Abstract P193: Increased High Density Lipoprotein Cholesterol:ApolipoproteinA1 Ratio is Associated with Less Progression of Coronary Atherosclerosis in Statin-Treated Patients
Background HDL cholesterol (HDL-C) and apolipoprotein AI (apoAI) levels are inversely related to adverse cardiovascular outcome. Associations between these HDL related measures and their ratio with coronary plaque progression have not been studied. It has been proposed that increasing HDL particle cholesterol content impairs HDL function, but impact on disease progression is unknown. We hypothesize that all HDL related measures are inversely associated with coronary plaque progression.
Methods Retrospective analysis was performed of 1528 statin treated patients with angiographic CAD who had serial evaluation of atheroma burden with intravascular ultrasound. Relationships between achieved levels of HDL related measures with clinical characteristics and changes in plaque burden were determined.
Results Strong correlation between HDL-C and apoAI (r=0.73, p<0.0001) was noted. Patients with highest levels of HDL-C:apoAI were more likely to be female, black, and have lower BMI and less likely to be smokers or have previous revascularization (all p<0.001) or acute coronary syndrome (p=0.013). HDL-C, apoAI, and HDL-C:apoAI demonstrated negative correlation with change in total atheroma volume (p<0.01). For HDL-C:apoAI and HDL-C, increasing tertiles of achieved levels were associated with a linear benefit in slowing progression. For apoAI, a nonlinear association was seen, with similar benefit on progression in the middle and upper tertiles (Table). There was no statistical interaction for heterogeneity between HDL-C:apoAI and atheroma burden based on achieved levels of HDL-C (p=0.581).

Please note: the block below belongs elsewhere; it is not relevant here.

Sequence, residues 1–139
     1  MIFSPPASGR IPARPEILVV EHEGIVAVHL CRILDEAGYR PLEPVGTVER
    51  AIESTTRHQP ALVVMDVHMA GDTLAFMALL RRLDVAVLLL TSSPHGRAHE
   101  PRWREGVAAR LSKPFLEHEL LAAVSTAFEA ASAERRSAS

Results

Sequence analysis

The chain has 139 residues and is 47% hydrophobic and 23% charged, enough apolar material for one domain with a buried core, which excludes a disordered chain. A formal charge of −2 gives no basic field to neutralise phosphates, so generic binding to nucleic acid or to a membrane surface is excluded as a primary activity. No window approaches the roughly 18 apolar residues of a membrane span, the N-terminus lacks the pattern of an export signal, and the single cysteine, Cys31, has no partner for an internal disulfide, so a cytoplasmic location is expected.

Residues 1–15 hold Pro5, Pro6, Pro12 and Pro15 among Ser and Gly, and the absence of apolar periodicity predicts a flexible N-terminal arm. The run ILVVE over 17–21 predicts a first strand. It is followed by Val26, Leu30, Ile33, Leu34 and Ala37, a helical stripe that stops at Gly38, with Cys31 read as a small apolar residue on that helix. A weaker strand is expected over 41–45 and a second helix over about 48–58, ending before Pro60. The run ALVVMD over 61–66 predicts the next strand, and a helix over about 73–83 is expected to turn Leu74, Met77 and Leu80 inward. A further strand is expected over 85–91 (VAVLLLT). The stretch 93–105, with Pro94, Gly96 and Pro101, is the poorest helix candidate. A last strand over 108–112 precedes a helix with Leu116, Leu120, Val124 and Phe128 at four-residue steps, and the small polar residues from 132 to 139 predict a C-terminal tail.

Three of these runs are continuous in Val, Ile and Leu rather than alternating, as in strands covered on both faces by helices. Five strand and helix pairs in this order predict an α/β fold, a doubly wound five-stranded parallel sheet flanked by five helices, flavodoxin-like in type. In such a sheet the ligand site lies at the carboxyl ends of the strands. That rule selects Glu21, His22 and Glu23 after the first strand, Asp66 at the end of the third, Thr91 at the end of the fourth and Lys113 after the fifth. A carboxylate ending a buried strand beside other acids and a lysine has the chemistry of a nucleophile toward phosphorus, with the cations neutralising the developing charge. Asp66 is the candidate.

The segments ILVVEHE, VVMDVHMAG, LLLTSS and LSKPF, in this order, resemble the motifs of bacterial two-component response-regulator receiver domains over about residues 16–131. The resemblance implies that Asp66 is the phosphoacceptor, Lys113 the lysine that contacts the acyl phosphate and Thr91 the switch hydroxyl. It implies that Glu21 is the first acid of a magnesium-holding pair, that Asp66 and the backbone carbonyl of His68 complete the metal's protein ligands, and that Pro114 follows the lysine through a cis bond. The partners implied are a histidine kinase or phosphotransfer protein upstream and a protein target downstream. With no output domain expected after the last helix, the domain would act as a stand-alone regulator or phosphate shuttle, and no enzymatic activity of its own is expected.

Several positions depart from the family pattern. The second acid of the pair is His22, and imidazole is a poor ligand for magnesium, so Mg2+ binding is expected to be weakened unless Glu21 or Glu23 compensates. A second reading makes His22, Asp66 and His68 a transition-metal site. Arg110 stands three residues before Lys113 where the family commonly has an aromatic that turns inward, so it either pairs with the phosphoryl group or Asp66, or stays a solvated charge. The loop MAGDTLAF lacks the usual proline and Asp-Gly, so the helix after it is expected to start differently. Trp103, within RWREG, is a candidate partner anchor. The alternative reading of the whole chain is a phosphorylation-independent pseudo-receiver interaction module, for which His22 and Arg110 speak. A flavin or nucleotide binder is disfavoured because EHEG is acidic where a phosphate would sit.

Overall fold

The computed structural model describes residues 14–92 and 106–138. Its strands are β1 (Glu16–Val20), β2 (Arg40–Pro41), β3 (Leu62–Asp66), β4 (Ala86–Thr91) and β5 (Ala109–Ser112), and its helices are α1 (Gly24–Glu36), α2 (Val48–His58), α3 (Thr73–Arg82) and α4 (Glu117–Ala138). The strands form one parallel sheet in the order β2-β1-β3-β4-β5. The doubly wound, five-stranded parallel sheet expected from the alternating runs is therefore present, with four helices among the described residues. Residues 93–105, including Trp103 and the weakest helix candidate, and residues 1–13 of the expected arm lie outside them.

|Percent Atheroma Volume|
|Total Atheroma Volume|
Conclusions Increase in all HDL related measures was associated with less progression of coronary atherosclerosis. Association of higher HDL-C:ApoAI with favorable effect on plaque progression at all levels of HDL-C suggests intact HDL functionality of larger cholesterol rich particles. Interventions that increase HDL particle cholesterol content, such as CETP inhibitors, may thus have beneficial effect at the artery wall.
- © 2012 by American Heart Association, Inc.